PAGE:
Chief Medical Officer offers best of both worlds
The scene: a rural Alberta hospital in the early 1990s. A patient desperately needs an airway tube inserted to protect his breathing. Complicating factors have stymied the local doctor, and he’s requested STARS to come and assist. The STARS nurse and paramedic arrive and attempt to intubate the patient, but encounter similar challenges.
The flight paramedic turns to the doctor and says: “This is a really challenging airway. I’d like the pilot to give it a try.”
It sounds like the setup to a sitcom episode, but Dr. JN Armstrong, newly appointed chief medical officer for STARS, laughs as he recounts the story.
He is quick to reassure that this was not standard operating procedure. Rather, his unique background as an anesthesiologist in addition to being a pilot meant he was just as comfortable intubating the patient as he was flying him to the hospital. It’s this dual skill set that has made him a fixture at STARS and an ideal leader for our clinical program.
Armstrong came by his aviation background honestly, embarking upon his first flights at his father’s helicopter company in 1975. It proved to be a steady summer job while he went through medical school.
It was through the aviation world that Armstrong came to know another physician and pilot – Dr. Greg Powell – who would eventually go on to establish STARS in 1985.
With his background, it didn’t take much persuading on the part of Powell to get Armstrong involved in the fledgling air ambulance service in 1991. Armstrong initially signed on as a relief pilot.
He became more involved in the organization during the 1990s and ultimately served as aviation operations manager and vice president of medicine and aviation. Though he stepped back from STARS in 2004 to be the clinical and academic head of anesthesia at University of Calgary’s Faculty of Medicine and the Calgary Health Region, he continued flying missions as a relief pilot, which he does to this day.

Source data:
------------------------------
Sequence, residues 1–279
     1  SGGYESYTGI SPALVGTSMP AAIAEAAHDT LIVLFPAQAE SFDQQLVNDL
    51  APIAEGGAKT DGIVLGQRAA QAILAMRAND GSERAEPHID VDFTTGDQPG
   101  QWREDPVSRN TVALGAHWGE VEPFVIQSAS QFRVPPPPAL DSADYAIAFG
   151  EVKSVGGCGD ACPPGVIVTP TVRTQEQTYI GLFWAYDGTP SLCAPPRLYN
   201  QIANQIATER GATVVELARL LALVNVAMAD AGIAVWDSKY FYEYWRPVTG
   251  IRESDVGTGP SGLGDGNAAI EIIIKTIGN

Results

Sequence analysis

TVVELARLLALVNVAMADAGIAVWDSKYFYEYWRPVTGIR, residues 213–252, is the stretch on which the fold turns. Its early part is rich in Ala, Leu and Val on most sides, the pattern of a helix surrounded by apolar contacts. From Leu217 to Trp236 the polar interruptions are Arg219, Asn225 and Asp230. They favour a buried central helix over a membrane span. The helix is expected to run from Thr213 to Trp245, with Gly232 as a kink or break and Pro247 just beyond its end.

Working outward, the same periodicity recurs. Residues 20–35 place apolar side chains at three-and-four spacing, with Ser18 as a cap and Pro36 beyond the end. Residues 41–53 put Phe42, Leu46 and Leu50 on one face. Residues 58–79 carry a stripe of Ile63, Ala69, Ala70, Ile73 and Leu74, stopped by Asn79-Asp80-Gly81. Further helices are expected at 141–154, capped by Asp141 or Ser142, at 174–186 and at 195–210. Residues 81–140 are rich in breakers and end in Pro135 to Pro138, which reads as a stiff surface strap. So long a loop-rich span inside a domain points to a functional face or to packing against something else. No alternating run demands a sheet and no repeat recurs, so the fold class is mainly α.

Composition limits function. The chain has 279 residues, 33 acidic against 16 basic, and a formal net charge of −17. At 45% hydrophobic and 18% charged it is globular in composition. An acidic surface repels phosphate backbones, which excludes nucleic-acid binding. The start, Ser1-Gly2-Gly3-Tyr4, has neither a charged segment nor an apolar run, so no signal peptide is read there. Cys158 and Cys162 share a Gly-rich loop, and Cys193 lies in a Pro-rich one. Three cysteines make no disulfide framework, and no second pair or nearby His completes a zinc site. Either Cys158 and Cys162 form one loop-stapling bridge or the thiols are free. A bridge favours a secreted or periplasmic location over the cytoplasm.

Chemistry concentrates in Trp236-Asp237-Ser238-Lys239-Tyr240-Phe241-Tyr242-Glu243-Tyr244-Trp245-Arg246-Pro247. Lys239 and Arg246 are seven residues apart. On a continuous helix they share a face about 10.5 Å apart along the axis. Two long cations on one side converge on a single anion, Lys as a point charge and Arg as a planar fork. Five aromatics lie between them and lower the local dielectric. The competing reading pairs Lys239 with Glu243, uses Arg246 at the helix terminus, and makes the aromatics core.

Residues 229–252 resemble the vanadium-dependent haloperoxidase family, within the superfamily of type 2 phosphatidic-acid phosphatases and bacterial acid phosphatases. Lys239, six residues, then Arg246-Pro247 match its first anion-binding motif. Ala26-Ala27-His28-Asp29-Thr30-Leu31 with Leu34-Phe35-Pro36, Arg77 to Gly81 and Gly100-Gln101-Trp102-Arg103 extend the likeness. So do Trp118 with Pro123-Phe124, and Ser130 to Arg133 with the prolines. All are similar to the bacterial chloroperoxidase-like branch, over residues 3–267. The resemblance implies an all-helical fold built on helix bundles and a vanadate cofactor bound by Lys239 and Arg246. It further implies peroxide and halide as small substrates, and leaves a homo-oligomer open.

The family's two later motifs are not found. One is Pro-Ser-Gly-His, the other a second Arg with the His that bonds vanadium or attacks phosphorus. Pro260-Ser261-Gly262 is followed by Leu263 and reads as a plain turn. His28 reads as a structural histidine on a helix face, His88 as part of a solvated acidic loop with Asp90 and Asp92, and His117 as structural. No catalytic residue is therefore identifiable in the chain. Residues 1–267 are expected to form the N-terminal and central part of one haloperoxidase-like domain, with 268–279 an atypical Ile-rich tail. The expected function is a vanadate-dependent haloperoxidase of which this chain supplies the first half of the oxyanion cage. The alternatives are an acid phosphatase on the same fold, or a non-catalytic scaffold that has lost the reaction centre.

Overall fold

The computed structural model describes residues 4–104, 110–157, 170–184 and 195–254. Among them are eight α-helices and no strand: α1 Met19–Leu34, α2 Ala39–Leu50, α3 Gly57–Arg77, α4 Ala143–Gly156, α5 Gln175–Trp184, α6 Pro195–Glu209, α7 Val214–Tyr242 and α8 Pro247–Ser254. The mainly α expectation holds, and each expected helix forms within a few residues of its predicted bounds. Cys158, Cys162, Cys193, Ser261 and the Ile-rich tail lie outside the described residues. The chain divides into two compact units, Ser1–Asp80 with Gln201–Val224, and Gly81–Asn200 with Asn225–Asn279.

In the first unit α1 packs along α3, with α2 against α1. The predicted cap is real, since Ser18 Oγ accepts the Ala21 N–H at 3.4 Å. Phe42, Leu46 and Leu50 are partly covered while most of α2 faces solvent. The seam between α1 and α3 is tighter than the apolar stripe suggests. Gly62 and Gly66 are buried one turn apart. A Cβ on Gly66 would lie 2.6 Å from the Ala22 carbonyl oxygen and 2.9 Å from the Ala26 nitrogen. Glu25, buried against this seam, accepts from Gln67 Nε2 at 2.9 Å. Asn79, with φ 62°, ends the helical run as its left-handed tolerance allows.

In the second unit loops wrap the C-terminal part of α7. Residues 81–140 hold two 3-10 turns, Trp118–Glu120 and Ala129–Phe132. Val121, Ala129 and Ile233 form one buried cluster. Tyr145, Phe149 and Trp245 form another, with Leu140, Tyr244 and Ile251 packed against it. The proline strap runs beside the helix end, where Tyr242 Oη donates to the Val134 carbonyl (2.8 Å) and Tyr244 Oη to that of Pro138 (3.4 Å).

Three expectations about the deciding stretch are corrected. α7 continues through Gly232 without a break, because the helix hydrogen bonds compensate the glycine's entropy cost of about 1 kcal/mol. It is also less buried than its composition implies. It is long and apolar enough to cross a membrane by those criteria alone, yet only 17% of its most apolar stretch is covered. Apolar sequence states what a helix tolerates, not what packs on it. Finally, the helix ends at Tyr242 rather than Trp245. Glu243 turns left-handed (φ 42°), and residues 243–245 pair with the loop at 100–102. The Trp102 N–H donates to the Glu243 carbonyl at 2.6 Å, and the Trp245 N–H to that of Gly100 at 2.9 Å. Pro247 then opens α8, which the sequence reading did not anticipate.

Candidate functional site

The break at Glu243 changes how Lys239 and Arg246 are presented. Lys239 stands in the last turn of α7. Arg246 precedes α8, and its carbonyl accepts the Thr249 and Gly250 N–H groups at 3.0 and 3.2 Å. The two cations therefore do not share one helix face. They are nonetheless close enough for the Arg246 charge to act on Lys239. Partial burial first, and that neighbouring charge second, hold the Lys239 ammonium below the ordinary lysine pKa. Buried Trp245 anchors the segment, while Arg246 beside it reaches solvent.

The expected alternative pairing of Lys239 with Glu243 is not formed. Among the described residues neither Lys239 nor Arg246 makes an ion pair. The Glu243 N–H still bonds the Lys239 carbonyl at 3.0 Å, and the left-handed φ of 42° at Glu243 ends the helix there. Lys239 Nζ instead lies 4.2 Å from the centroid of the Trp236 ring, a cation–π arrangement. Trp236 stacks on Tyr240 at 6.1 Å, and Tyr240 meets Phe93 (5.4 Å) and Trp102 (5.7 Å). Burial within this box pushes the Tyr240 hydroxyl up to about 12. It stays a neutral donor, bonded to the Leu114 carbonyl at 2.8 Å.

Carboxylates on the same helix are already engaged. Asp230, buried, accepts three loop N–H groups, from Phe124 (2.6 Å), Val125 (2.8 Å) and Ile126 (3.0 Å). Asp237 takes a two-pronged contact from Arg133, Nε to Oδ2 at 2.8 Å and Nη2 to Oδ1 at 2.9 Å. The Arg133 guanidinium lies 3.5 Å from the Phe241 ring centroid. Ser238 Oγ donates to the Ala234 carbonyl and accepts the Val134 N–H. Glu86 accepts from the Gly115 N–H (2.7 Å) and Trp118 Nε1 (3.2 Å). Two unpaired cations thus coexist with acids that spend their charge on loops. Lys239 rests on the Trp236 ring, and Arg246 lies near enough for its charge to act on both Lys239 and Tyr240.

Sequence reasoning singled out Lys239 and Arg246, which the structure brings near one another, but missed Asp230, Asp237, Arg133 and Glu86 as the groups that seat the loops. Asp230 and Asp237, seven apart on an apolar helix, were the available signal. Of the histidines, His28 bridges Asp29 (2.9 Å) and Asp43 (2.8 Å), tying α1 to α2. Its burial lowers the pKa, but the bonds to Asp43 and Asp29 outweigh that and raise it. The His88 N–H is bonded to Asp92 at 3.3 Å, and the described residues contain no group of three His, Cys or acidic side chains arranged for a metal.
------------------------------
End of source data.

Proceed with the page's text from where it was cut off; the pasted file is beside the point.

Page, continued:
In October 2013, Armstrong jumped at the opportunity to serve as the chief medical officer for STARS. “I couldn’t be luckier about the organization I’m inheriting,” he said. “STARS has been almost 30 years in development and it’s outstanding.”
Armstrong has no plans to rest on his laurels. He notes that as CMO, he will be responsible for continual development of clinical standards, medical educational programs and research activities at STARS.
He is also ultimately accountable for ensuring patients receive the best treatment possible. This includes overseeing almost 100 transport physicians who work at STARS throughout Western Canada and continually refining the medical protocols the air medical crews use on missions.
Though Armstrong has seen many changes in his years at STARS, there is one thing he says has remained timeless. “Our main focus has never changed. It’s all about the patient. I don’t want to sound hackneyed, but it’s true. STARS does a very difficult and important job very well.”